Don't get us wrong, effing and blinding through your pitch whoever it's too will make you seem aggressive and offensive. But an occasional minor profanity will be seen as a genuine display of emotion.

Buy coffee
If you want her to go on a date with you buy her coffee before you ask, rather than waiting for the date itself to show your generosity. Why? Well, because a study by researchers at Queensland University in Australia found that people were more easily influenced after they'd taken caffeine. All the caffeine did was make the subjects more aroused. They were more attentive to the message and therefore more likely to be persuaded by it.

Similarly, asking your mate for a big favour when he's watching the World Cup final is likely to end in a knock back. He simply won't process the message properly.

Be confident
Passion is connected to confidence. According to Dr Dutton, the more confident you are, the more people will believe you're right, even when they think they know your facts are wrong.

That doesn't mean having perfect presentation (see the section on speaking persuasively, above), but it does have to look like you have total confidence in the content of your message. She really will have a good time with you. He really will enjoy using this product. It's strange but true that a show of confidence in your message can even overcome someone's genuine disbelief in its contents.

Don't take no for an answer
So you're trying to persuade someone to do something and they outright refuse. The game's up, right? Wrong. According to 2009 research from Michigan State University, successful persuaders — when faced with a blanket refusal — simply employ the 'dump and chase' approach.

Quite simply, they ask "why not?" and deal with objections as they arise (it's useful to have prepared good answers to any objections beforehand). In other words, they simply refuse to take no for an answer. The researchers theorise that this is simply a matter of persistence. By repeating the request, and answering objections, you're making it clear how much the request means to you. That makes you seem passionate about it and also heightens the listener's sense of guilt or sympathy.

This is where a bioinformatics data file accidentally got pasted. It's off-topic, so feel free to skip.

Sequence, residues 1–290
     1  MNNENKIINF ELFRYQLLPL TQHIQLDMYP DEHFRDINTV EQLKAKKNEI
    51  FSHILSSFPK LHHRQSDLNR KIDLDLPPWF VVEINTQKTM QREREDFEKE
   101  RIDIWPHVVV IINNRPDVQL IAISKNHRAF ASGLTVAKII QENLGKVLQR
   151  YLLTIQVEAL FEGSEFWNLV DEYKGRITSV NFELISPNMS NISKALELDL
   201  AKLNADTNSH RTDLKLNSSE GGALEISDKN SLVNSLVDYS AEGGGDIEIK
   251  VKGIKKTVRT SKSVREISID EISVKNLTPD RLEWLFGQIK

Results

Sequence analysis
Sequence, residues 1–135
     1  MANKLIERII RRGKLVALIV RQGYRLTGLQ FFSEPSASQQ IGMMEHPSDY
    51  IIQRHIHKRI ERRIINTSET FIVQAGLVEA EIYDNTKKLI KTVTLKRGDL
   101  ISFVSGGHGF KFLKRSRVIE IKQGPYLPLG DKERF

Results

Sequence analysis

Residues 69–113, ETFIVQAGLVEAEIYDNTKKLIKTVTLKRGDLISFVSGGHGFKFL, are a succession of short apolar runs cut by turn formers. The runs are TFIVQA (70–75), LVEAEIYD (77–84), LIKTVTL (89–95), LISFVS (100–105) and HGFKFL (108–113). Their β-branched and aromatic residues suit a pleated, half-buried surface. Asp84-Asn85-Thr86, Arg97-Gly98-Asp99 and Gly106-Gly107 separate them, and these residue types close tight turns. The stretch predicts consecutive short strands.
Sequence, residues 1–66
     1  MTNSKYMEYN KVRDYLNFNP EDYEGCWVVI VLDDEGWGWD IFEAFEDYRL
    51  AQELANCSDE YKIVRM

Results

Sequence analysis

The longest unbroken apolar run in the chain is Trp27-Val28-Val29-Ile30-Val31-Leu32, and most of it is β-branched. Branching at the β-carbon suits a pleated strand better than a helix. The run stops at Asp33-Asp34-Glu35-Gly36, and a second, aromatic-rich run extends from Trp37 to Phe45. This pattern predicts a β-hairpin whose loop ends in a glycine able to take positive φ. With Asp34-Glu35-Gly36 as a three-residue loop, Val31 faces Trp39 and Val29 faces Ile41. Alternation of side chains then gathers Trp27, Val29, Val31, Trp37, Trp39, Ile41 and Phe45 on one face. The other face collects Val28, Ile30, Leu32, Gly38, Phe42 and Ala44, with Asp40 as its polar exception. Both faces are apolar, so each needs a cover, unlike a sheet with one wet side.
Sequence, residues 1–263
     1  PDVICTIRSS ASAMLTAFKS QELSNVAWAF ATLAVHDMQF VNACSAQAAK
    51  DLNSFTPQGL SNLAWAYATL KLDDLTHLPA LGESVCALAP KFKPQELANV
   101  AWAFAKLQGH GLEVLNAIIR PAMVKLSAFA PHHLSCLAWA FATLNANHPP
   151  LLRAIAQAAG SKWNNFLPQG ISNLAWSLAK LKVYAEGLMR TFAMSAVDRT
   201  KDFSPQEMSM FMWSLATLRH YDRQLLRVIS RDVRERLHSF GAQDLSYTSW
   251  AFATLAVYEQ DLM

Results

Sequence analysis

It's one secret of why the average-looking guy gets all the girls, and the guy of average ability quickly climbs the career ladder. They don't slink off to lick their wounds after a knock-back — they keep plugging away.

Be positive
Finally, your message should be positive and appeal to the listener's self-interest. Emphasise that the deal would be good for him, not for you, or that accepting a date would make her happy, rather than focusing on how sad you'd be if she refused.

Most of us also like to conform, so if possible emphasise that your message is a popular one. You're asking her to the new bar because everyone's talking about it. You're selling him that insurance package because other savvy consumers love it. Repeating the message gives it a ring of truth, even if it's not true.

Combine these tips and what you have is a pretty persuasive argument. It won't work every time, of course, but master the art of persuasion and you should see your hit rate — in any walk of life — improve.